The greatest tragedy in my life led to one of my greatest triumphs.  I am a September 11, 2001 terrorist attack survivor.  I worked on the 107th floor of the World Trade Center up until 9/11.  On that horrible day, I watched the towers burn from less than a mile away; a few hours before or after, I would have been in the building myself.  As a direct result of this tragedy, for nearly the next decade, I dedicated myself to service.  I took a job at a lower socio-economic high school, teaching Culinary Arts.  I gave thousands of hours of my own time, and thousands of my own dollars to build a program from scratch.  I gave heart and soul to my students and to the community.  I know that I made a huge difference in many people’s lives; after my work as a father, I am most proud of my accomplishments as a teacher.  This culminated in telling my story- this story- to a crowd of thousands of teachers, students, and industry leaders.

Pi’s high-seas adventure ended with a disappointment.  However, the rest of his life became his greatest adventure yet.  My teaching adventure ended with a disappointment.  The rest of my life has just begun.

Life of Pi teaches us that we write our own Story.


Filed under Journals

#98 “Infinite Jest” by David Foster Wallace

by Michael Niewodowski

#98 Infinite Jest by David Foster Wallace. (#107 on The List)

(Hamlet takes the skull): “Alas poor Yorick. I knew him, Horatio—a fellow of infinite jest, of most excellent fancy. He hath borne me on his back a thousand times; and now, how abhorred my imagination is! My gorge rises at it…..” Hamlet Act 5, Scene 1.

We live in very stressful times. From the up-to-the-second paced, information-overloaded world of modern technology to constant, screaming streams of bad (never good) news-casts to an excess of daily obligations, a hysterical reality pervades our culture. Infinite Jest* is a study in anxiety. It is a look at the frantic hyper-angst we experience daily and our desperate, futile attempts to process it positively.

It’s a comedy.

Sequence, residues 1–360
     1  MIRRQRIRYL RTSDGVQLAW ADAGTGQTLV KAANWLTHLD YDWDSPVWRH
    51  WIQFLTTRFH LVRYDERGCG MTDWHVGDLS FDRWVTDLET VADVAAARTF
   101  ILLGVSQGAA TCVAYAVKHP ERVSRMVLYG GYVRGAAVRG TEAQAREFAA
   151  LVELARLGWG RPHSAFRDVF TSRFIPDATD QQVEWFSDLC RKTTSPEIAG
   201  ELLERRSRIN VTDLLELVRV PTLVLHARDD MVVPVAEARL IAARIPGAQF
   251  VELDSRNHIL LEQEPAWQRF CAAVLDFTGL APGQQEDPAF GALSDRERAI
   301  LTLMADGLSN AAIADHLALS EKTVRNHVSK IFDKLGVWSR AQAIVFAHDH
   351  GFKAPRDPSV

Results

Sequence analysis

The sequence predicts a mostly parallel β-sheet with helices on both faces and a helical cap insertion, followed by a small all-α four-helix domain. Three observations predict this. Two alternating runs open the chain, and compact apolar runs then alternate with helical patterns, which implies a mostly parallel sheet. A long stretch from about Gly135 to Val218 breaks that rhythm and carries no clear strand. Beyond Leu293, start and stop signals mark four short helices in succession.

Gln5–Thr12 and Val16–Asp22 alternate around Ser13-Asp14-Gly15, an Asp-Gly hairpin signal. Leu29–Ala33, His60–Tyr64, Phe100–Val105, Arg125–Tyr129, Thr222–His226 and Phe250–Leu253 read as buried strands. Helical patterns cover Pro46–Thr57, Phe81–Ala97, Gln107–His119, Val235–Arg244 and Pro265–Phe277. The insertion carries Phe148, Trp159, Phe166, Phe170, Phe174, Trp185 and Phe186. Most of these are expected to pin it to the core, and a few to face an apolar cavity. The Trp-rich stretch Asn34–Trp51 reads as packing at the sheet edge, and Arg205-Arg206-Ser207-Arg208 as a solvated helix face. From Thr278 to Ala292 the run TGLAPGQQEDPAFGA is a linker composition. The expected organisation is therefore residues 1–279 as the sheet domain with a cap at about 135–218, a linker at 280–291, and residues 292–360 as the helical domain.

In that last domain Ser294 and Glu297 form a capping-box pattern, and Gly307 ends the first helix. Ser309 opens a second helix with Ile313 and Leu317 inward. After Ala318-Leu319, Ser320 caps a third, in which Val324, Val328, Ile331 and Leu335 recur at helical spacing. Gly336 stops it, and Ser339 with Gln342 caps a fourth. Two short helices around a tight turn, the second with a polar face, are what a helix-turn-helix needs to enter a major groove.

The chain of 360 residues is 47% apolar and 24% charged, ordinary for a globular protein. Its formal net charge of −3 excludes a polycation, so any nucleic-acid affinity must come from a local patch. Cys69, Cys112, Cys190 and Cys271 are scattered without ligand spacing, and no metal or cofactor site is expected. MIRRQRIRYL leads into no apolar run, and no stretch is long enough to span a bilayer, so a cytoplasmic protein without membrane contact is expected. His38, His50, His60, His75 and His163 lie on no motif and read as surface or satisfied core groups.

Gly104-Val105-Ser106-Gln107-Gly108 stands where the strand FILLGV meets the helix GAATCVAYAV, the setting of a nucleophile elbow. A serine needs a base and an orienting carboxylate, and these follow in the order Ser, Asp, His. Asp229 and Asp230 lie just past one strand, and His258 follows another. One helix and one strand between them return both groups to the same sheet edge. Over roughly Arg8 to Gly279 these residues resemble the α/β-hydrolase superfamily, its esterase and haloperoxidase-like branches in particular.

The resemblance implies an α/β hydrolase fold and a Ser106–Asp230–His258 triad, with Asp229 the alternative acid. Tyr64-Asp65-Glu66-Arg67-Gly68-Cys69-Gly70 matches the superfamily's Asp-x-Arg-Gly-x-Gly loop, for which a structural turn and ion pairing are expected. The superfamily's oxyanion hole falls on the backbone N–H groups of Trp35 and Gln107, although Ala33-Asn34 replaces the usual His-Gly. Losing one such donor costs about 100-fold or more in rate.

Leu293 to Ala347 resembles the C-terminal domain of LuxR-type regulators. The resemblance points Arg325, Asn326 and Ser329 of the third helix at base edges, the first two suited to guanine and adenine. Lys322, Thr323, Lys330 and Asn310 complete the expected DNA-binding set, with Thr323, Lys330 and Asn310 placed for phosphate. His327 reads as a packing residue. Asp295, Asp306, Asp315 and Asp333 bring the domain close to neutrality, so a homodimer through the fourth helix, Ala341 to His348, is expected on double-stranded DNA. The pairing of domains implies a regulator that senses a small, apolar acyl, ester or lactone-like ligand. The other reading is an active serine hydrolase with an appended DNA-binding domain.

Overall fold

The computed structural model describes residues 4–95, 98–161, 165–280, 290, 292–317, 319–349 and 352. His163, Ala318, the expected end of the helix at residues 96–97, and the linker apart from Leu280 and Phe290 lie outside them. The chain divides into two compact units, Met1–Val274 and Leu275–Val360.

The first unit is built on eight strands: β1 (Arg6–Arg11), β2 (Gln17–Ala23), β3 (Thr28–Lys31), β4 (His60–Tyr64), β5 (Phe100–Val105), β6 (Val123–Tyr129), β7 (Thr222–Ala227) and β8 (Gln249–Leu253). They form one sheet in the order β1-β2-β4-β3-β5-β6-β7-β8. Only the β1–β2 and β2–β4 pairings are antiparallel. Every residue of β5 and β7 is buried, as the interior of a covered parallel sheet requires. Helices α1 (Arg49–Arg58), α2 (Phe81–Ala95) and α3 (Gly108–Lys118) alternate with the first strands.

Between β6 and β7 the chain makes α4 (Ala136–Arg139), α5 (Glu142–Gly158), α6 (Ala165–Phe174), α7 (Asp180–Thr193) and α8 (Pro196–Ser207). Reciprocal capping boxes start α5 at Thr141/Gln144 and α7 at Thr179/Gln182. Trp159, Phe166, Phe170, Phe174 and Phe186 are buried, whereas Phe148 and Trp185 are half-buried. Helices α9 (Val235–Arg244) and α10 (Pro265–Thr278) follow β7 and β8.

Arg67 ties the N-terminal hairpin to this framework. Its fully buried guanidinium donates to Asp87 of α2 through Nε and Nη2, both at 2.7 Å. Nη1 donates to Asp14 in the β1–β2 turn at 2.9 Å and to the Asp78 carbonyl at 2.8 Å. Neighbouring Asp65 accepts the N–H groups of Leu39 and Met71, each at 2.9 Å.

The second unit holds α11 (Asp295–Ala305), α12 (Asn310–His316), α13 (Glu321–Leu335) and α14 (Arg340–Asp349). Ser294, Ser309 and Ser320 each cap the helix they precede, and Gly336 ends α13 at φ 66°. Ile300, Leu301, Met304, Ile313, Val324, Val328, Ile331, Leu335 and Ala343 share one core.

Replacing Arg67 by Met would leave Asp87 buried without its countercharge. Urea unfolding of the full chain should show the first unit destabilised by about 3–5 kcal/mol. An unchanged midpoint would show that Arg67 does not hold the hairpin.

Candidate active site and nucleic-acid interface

In fact, it is the funniest novel I have ever read. I laughed loudly dozens of times. Three times, I laughed until tears rolled down my cheeks.

Set in an alternate present in which years are no longer told by consecutive numbers, but rather subsidized by corporate sponsors (most of the action takes place in the Year of the Adult Depend Undergarment), Infinite Jest loosely follows the lives of the Incandenza family. The characters are……..interesting. James O. Incandenza, the paterfamilias, has made a film, ‘Infinite Jest’ (aka The Entertainment), that is so entertaining that anyone who watches it, even for a moment, has no other compulsion but to watch it over and over again, eventually dying from lack of sustenance. Incandenza uses an actress in the film that is so beautiful that she must wear a veil over her face to stop men from falling desperately in love with her; Orin Incandenza, one of the three sons, does. If The Entertainment could be weaponized by Les Assassins des Fauteuils Rollents (Quebec separatist wheelchair assassins), it could be a nation destroyer. A CIA-like agent, Hugh/Helen Steeply, undergoes gender re-assignment surgery to more effectively infiltrate and stop the separatist group. Hal Incandenza, the youngest son, is a marijuana addicted, boarding school tennis brat, who plays Eschaton** and contemplates his relationship with his (now deceased) father.